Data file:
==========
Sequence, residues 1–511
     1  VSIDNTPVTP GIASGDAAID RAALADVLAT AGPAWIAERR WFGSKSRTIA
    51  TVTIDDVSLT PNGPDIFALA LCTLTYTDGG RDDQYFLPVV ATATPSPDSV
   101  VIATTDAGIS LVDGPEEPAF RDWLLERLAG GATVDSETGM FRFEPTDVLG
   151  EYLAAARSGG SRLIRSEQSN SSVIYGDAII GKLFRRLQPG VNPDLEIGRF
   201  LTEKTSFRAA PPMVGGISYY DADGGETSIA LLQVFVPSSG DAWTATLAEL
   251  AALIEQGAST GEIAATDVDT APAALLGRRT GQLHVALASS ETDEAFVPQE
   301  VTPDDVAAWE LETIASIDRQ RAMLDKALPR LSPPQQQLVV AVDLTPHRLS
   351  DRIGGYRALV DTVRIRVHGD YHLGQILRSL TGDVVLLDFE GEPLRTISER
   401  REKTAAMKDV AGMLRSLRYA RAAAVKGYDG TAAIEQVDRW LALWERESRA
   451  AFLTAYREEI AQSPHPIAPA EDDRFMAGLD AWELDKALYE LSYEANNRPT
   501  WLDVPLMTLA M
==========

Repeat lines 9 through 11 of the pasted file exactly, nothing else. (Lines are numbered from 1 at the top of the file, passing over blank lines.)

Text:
   351  DRIGGYRALV DTVRIRVHGD YHLGQILRSL TGDVVLLDFE GEPLRTISER
   401  REKTAAMKDV AGMLRSLRYA RAAAVKGYDG TAAIEQVDRW LALWERESRA
   451  AFLTAYREEI AQSPHPIAPA EDDRFMAGLD AWELDKALYE LSYEANNRPT